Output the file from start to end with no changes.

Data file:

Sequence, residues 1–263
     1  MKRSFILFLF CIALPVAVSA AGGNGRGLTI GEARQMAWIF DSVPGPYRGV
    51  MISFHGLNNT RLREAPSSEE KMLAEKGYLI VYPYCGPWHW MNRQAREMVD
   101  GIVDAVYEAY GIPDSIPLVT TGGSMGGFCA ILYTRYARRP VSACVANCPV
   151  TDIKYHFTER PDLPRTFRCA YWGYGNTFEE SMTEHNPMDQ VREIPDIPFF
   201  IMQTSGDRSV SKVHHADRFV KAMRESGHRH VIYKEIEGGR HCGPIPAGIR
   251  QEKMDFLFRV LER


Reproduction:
Sequence, residues 1–263
     1  MKRSFILFLF CIALPVAVSA AGGNGRGLTI GEARQMAWIF DSVPGPYRGV
    51  MISFHGLNNT RLREAPSSEE KMLAEKGYLI VYPYCGPWHW MNRQAREMVD
   101  GIVDAVYEAY GIPDSIPLVT TGGSMGGFCA ILYTRYARRP VSACVANCPV
   151  TDIKYHFTER PDLPRTFRCA YWGYGNTFEE SMTEHNPMDQ VREIPDIPFF
   201  IMQTSGDRSV SKVHHADRFV KAMRESGHRH VIYKEIEGGR HCGPIPAGIR
   251  QEKMDFLFRV LER